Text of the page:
There was a period of time when I would feel a little bit guilty settling for flats over heels while getting dressed for work in the morning. Sure, the outfit I had on would look a lot better with that new pair of peep-toe pumps I've only worn once – not to mention provide my legs with a much-needed slimming illusion – but I also knew that I'd regret my decision after a mere 2 blocks out the door. On a daily basis, I'm likely to choose comfort and function over fashion (within reason, of course), and that's why updated takes on the loafer trend are always on my style radar – especially pairs with a little somethin' extra that help elevate my look without literally elevating my height. And Anthropologie's Lydia Cutout Loafers totally fit the bill. This innovative new silhouette comes in 7 different shades and prints, from classic taupe to bright blue leopard (plus some additional shimmery laser-cut alternatives), and puts a sexy spin on the classic loafer shape. After all, toe cleavage is the new cleavage cleavage, right? The best part? They're less than $100 a pair... so go ahead and stock up for the season ahead! - Alexandra Gambardella

Content provided by TheFind in partnership with Cheryl Shops. 

Fall Shopping Guide: Pointy-Toe Wedge Boots

From what I hear, it's fall in most parts of the country; here in San Francisco, it was in the mid-seventies today, glorious and sunny. Everyone keeps telling me it's Indian summer, that sooner or later it's going to be foggy and cold, but for now, I love the weather just the way it is. That said, it's still San Francisco and thus unpredictable; we had a slight cold spell last week in which I had to break out my trench coat for the first time, and which also served as a reminder to me that I had to start working on the Fall Shopping Guide! So here we are.

One of the many fashion quirks of this city is that, perhaps because the weather is more or less constantly on the cool side, people wear boots year round. Like, I got here Labor Day Weekend (which was uncharacteristically hot) and women were wearing knee-high boots. As longtime Cheryl Shops readers know, I love me some boots (especially black ones) so this was welcome news to me, and perhaps an excuse to buy more! Something I've found my closet to be lacking is wedges; they're kind of perfect for SF in that they're more stable than stilettos but they still give you some height. Maybe they're not so practical for navigating the hills, but thankfully it's pretty flat where I live, so yay Lower Pac Heights!

Like many fashion-industry folk, I worship at the altar of Isabel Marant, and if someone handed me $1500, I would gladly buy her Scarlet wedge boots. A more sophisticated evolution of her ripped-off-by-everyone wedge sneakers, the Scarlet combines leather, suede and haircalf in a sleek shape; they're still edgy but look a lot more expensive. (And they are.)

Slightly more palatable in price yet punkier in style are these Tabitha Simmons Harley boots, And while in the past I'd hesitate to wear wedge boots with skirts--they tend to have the unfortunate effect of making your legs look like Gumby's--these are unexpectedly streamlined and sculpted to flatter.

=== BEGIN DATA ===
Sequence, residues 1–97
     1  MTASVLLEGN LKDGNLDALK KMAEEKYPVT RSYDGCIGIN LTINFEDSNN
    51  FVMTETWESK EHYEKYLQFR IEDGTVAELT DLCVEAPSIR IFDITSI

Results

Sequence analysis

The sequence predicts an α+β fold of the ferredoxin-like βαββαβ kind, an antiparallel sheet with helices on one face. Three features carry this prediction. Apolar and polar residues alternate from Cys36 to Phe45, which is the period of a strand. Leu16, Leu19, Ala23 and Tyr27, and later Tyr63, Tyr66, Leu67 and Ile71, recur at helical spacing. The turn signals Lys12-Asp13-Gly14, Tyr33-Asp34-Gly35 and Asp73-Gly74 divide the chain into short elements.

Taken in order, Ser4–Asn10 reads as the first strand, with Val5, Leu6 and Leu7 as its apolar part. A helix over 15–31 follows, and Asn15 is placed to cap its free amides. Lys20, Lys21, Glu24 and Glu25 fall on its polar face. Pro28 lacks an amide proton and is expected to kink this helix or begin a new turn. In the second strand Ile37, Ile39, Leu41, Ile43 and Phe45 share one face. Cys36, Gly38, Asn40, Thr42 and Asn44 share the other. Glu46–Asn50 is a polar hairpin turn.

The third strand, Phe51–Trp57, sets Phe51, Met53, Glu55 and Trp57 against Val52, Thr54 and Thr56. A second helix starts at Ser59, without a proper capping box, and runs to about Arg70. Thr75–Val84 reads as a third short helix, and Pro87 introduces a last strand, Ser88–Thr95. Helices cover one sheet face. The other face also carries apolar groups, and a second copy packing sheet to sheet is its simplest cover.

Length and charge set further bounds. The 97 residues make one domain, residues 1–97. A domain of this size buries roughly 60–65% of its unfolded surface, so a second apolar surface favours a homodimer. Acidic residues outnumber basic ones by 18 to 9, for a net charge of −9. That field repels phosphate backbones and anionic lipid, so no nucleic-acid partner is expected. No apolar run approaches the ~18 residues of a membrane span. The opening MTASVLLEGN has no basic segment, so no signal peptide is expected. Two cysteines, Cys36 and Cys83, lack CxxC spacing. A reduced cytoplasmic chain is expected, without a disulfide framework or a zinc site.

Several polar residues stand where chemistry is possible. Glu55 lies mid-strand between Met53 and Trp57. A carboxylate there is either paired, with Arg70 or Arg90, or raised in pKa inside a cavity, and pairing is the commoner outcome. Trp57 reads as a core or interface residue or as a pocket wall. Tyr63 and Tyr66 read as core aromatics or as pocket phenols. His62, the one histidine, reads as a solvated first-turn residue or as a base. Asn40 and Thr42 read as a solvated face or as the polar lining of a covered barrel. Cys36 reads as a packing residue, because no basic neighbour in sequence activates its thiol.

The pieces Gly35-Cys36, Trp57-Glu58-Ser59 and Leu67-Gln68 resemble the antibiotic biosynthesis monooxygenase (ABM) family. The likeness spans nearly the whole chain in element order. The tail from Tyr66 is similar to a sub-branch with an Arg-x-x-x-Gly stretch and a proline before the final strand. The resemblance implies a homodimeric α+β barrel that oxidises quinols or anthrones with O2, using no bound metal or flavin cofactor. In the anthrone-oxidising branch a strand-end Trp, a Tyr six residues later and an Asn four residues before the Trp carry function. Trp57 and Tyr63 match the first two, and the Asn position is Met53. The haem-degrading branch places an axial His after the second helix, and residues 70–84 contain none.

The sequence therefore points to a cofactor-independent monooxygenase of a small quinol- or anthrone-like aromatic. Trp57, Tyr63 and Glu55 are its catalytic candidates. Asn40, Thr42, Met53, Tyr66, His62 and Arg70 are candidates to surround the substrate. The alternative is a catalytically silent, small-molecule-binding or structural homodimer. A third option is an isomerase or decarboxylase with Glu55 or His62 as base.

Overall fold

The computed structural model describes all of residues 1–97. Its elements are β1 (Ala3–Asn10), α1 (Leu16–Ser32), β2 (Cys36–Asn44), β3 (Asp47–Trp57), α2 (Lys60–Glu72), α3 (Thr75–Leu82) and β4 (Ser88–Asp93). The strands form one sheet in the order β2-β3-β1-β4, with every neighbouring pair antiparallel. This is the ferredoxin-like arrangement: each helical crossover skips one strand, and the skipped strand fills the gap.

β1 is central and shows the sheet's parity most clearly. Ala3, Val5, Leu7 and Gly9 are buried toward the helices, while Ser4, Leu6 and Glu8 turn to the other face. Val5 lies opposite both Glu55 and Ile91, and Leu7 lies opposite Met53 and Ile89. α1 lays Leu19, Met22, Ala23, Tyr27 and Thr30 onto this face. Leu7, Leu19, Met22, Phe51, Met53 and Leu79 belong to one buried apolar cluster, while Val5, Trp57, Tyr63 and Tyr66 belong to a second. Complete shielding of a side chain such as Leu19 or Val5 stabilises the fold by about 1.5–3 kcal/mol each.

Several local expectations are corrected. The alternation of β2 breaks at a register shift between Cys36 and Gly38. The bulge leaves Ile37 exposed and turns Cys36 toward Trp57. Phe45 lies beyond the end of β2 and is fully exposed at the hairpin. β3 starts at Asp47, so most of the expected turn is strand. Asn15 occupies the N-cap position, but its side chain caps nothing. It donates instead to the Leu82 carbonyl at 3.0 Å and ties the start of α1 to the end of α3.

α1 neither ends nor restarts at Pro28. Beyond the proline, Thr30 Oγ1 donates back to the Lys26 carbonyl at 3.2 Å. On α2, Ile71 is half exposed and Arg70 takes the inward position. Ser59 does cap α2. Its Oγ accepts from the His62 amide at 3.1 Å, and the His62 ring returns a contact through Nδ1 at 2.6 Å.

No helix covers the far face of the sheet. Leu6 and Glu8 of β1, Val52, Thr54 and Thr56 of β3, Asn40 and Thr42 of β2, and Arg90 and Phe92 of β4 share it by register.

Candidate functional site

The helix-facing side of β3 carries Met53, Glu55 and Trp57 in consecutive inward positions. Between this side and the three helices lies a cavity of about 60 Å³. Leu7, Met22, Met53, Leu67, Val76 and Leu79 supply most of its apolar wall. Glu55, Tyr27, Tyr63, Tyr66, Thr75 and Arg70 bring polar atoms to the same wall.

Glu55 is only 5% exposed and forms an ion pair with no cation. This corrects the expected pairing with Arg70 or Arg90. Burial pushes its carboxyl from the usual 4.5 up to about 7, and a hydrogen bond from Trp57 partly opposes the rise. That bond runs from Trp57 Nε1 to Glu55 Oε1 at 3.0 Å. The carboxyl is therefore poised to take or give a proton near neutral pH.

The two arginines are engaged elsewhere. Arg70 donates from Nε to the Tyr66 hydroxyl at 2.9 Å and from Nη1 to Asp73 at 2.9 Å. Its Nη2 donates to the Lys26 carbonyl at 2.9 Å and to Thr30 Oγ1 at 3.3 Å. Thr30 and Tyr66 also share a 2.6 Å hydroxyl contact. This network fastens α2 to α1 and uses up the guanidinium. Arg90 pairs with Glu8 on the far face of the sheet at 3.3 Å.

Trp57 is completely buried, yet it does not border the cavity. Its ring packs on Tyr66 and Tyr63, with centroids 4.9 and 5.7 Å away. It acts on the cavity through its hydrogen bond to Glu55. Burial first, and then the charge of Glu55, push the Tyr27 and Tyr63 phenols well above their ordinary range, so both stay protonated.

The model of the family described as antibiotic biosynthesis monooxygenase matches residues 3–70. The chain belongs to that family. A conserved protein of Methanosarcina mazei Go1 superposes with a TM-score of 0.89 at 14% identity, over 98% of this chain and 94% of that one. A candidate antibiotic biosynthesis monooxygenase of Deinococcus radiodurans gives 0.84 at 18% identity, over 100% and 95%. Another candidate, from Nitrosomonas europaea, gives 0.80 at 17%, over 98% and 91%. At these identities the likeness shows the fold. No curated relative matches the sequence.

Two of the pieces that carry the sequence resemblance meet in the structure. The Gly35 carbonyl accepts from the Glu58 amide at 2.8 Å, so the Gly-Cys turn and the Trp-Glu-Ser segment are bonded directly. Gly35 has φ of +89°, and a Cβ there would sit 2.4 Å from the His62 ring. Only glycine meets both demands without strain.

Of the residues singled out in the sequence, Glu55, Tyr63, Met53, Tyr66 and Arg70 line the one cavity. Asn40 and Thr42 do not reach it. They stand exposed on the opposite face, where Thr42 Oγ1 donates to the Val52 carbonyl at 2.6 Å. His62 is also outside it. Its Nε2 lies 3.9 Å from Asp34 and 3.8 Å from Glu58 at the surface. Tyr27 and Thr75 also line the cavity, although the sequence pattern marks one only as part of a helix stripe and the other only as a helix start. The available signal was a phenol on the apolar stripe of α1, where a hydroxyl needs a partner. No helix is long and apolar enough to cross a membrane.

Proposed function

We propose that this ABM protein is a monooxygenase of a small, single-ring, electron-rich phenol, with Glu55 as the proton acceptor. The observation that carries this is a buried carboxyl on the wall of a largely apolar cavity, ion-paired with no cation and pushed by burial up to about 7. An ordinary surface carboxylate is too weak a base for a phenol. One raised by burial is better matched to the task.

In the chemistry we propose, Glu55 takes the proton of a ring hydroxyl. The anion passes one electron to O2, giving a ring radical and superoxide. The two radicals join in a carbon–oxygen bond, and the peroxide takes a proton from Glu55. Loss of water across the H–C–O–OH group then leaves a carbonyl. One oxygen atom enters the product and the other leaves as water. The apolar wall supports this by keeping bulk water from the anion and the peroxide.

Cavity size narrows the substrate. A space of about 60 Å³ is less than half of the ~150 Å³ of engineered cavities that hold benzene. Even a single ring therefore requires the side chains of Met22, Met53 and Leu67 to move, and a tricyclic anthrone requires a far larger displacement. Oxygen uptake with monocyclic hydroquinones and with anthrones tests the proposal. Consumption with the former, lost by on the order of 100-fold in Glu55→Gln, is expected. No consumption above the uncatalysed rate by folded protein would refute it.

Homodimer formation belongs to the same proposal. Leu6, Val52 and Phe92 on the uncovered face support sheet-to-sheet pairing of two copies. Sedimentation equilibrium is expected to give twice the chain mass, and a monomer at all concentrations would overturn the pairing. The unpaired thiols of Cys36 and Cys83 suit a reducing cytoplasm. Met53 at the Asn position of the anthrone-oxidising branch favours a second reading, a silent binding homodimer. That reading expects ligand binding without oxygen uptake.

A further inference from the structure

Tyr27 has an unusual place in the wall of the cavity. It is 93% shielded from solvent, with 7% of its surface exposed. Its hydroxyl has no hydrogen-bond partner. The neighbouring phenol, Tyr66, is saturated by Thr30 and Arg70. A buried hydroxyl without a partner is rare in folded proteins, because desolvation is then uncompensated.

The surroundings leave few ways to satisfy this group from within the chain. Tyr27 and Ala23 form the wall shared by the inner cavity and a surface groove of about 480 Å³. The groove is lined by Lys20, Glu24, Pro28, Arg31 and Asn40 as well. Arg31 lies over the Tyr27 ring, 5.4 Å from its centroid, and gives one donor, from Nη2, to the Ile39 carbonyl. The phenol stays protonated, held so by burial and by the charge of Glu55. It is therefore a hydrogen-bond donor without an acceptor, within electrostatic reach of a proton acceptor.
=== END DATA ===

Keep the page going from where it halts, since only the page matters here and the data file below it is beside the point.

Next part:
If you're more of an uptown girl (or, in my case, an Upper Pac Heights girl), Derek Lam's Marta boots may be the answer: The leather is more polished, the hardware is gold, and the double buckles are a bit more understated.

These Josie Buckle Boots seem a bit more casual and edgy, with a hidden wedge that hearkens back to Marant's sneakers. (See how it all comes full circle?) Strategically placed buckles help shape the boot and avoid the dreaded blocky effect.

Along similar lines, these Jeffrey Campbell Willis Boots look like biker boots but have a hidden wedge for a stealth leg-lengthening effect. So these are perfect for vain people like me who refuse to wear flats ever. The toe is rounder and the buckles more basic than the rest of the styles here, but now that I'm a Californian, I feel like I need to represent the casual girls out there.

Back to chic, Alice & Olivia's Owen Wedge Boots take an even simpler approach to the buckled effect; I like the combination of skinny and thicker straps as well as the super-pointy toe. I saw these at Alice & Olivia's presentation last February, and believe me, they made quite the lasting impression.

For the super minimalist, Steve Madden's Jossie boots have no buckles whatsoever, but the pointy toe and streamlined wedge shape remain. And considering the challenge of finding actual leather boots for under $150, I think these are a pretty solid find (with a very comfortable 2-3/4" heel).

For those totally on a budget, there are these Riawna boots from ShoeDazzle, currently available for the introductory price of $24.98 ($49.98 regularly). Yes, they are synthetic, and the hardware is a bit on the flashy side, but the shape is right and they do somehow still have a Marant-esque vibe.

But for the closest Marant experience--without the Marant sticker shock--I recommend Aldo's Jacelyn wedge boots, a point-for-point homage from the mix of materials to the adjustable buckles. Actually leather and a mere $140, they are the most obvious thing since beautiful, sunny weather in the mid-70s. The weather might not last that much longer, but I have a feeling I'll be wearing these boots for months, if not years, to come.